He played bass on Sparks‘ debut album, ‘Kimono My House,’ which included the two hit singles, ‘This Town Ain’t Big Enough For The Both Of Us’ and ‘Amateur Hour;‘ he was bass player with Jet, hailed as Glam’s first supergroup; he formed personal favourites of mine, Radio Stars ; he even played bass with The Rolling Stones (oh, yes he did!) … and this was all before teatime. Well, before the Seventies were up.
Since then Martin Gordon has played as session musician with some of pop music’s brightest, and apparently not so bright, stars.
He’s toured the world, collaborating with ‘world music’ stars across the continents and is now settled in Berlin, where the creative spirit of that fine city continues to guide his way.
A look at his excellent website highlights both his work over the years and his deadpan, self-deprecating and sardonic humour. In his more recent releases, he targets conspiracy theorists (and one in particular) and people who believe they have ‘superior jeans.’
It is this clever / pointed / fun writing style that drew me to Radio Stars back in the Seventies. There is, however, generally a point to what Martin writes / sings about.
However, just to throw us a little curveball, his new release has no words. It is though, like his recent songs, a celebration of current affairs. Well, maybe ‘celebration’ is a bit strong – it references the Cop26 conference on climate change.
Martin’s interpretation of what lies ‘over the rainbow’ conflicts somewhat with what young Dorothy expected, this version part doom laden, part painfully sad, bleak and downbeat. It’s a typically pragmatic view from Martin, I have to say.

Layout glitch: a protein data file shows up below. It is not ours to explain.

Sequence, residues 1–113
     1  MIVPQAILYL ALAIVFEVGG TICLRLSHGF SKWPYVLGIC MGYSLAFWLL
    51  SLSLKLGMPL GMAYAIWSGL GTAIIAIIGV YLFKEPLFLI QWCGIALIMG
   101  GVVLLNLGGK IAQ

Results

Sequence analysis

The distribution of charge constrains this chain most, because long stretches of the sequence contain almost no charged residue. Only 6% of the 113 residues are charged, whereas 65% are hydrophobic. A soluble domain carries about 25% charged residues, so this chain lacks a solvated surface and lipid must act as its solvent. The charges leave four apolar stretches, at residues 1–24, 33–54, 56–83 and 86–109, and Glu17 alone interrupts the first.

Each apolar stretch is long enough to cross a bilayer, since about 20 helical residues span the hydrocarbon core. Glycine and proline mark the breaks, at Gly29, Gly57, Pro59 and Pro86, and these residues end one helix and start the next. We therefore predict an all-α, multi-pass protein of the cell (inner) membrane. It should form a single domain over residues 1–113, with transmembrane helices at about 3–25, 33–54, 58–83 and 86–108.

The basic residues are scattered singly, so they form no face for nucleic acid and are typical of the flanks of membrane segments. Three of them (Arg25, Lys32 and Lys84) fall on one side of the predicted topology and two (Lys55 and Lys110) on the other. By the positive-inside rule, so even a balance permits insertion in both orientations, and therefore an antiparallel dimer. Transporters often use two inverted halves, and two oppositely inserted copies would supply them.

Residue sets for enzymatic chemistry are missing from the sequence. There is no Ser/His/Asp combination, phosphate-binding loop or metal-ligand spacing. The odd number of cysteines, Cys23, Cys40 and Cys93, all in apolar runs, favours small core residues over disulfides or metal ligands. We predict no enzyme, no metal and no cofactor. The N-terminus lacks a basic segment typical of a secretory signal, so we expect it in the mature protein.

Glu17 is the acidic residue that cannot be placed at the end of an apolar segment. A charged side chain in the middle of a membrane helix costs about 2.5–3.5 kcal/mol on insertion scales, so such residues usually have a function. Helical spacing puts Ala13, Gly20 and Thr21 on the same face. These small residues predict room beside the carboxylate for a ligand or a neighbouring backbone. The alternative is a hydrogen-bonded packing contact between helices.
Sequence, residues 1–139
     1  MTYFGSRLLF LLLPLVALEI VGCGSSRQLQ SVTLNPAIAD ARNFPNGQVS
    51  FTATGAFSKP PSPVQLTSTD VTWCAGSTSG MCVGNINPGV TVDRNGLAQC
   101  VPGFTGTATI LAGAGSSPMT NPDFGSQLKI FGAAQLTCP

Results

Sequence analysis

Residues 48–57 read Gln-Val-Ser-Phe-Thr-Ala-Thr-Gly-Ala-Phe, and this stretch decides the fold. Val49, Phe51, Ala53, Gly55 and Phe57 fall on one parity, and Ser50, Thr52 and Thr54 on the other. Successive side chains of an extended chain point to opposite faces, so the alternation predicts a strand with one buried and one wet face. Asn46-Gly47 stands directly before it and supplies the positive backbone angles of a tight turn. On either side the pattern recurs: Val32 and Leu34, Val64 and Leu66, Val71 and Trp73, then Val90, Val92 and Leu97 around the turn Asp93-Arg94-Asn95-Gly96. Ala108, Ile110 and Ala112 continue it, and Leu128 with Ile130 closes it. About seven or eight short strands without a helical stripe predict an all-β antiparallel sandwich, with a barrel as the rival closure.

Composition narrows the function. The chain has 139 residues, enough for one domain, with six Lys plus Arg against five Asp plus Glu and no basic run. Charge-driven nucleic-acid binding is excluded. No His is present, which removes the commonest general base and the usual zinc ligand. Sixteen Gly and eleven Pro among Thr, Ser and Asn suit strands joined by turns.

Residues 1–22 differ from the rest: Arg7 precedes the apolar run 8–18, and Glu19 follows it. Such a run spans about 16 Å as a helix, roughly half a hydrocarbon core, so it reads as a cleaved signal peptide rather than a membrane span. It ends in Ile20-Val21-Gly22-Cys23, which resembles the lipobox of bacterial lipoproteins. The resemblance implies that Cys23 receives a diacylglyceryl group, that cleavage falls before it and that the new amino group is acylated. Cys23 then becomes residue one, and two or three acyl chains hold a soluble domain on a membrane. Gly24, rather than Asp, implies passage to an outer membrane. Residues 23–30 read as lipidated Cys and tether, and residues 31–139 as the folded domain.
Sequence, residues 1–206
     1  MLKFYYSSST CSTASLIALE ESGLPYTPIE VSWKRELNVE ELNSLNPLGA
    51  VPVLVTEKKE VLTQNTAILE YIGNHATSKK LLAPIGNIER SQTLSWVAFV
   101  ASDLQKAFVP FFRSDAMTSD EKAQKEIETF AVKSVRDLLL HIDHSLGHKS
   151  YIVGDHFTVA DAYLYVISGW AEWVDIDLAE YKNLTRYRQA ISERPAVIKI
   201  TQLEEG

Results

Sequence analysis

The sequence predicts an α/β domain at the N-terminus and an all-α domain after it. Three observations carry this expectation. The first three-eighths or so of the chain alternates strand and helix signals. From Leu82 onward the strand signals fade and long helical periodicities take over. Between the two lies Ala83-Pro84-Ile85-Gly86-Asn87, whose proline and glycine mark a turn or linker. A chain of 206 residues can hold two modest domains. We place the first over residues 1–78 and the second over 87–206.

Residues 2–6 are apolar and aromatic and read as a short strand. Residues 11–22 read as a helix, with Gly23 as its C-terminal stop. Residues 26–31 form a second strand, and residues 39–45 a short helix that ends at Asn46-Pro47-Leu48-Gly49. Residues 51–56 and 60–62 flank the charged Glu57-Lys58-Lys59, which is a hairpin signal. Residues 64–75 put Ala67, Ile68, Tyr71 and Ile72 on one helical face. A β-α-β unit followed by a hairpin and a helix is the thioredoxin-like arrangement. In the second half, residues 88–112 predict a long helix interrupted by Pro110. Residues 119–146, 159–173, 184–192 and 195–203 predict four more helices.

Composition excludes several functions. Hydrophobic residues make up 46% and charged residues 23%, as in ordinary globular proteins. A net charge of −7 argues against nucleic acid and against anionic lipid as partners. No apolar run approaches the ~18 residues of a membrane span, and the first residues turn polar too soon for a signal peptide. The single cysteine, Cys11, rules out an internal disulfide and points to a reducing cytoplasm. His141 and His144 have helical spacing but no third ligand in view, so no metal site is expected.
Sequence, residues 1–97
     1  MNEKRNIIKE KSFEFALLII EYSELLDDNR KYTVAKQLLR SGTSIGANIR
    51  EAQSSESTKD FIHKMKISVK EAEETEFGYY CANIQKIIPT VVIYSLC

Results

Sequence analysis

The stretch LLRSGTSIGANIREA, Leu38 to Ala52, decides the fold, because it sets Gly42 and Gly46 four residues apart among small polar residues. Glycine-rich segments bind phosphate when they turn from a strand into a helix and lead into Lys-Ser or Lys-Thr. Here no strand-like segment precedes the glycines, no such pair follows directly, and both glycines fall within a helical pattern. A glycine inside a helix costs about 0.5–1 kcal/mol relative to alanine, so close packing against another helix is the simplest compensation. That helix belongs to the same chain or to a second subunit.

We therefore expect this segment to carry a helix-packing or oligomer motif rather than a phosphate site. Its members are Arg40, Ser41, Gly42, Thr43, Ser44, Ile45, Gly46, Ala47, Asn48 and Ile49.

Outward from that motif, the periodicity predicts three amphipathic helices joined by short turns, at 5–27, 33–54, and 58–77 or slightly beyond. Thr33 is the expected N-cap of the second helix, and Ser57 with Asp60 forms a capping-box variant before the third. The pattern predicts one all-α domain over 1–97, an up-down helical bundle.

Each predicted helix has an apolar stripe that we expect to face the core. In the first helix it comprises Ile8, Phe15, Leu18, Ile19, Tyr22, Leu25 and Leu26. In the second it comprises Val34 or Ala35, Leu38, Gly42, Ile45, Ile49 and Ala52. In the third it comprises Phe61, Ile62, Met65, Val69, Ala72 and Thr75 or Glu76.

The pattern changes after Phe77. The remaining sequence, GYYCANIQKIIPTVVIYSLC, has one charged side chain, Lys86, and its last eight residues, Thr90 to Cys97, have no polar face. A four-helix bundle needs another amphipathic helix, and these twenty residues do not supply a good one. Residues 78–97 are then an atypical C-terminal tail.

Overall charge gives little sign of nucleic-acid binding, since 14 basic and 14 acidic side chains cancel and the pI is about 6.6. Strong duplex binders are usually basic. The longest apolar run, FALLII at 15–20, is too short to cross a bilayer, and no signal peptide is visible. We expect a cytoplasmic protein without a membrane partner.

And who, really, can argue?
In his own words, here’s what inspired Martin, if indeed ‘inspired’ s the correct word.
‘Marking the gathering of the great and the good, the besuited and the bedraggled, the lobbyists and the lobbied in Glasgow to perform the by-now traditional COP26 knees-up, ‘Somewhere Over the Rainbow’ is a new single by Martin Gordon. As the planet prepares to expel its inhabitants, why not mark the occasion with this rendering of Dorothy’s favourite showstopper in Eb, well known to be the second-saddest of all keys? This instrumental version has a Rickenbacker bass as a main voice – what’s not to like? After all, Xmas dinner will be served in a tin, with lashings of delicious Spam for afters, and then there’ll be live bombing of France on the telly after the Queen’s speech.
‘Arlen and Yarburg’s melancholy tune has been reworked, rearranged and made available to all, whether demented conspiracy theorist, hysterical populist or regular ol’ human being, although there are less of these than earlier thought.‘
(Released across all platforms on 8th November 2021)